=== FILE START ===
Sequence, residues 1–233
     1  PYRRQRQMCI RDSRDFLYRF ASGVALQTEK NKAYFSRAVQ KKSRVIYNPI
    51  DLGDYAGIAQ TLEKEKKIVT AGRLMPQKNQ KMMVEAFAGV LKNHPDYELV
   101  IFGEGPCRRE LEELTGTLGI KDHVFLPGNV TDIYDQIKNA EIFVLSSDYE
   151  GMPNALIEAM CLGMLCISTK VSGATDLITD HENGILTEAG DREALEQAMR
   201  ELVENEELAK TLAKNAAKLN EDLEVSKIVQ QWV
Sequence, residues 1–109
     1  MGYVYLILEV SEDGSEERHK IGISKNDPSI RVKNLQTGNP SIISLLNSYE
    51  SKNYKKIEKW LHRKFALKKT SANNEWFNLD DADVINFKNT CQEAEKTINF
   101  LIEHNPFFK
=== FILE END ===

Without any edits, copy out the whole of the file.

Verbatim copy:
Sequence, residues 1–233
     1  PYRRQRQMCI RDSRDFLYRF ASGVALQTEK NKAYFSRAVQ KKSRVIYNPI
    51  DLGDYAGIAQ TLEKEKKIVT AGRLMPQKNQ KMMVEAFAGV LKNHPDYELV
   101  IFGEGPCRRE LEELTGTLGI KDHVFLPGNV TDIYDQIKNA EIFVLSSDYE
   151  GMPNALIEAM CLGMLCISTK VSGATDLITD HENGILTEAG DREALEQAMR
   201  ELVENEELAK TLAKNAAKLN EDLEVSKIVQ QWV
Sequence, residues 1–109
     1  MGYVYLILEV SEDGSEERHK IGISKNDPSI RVKNLQTGNP SIISLLNSYE
    51  SKNYKKIEKW LHRKFALKKT SANNEWFNLD DADVINFKNT CQEAEKTINF
   101  LIEHNPFFK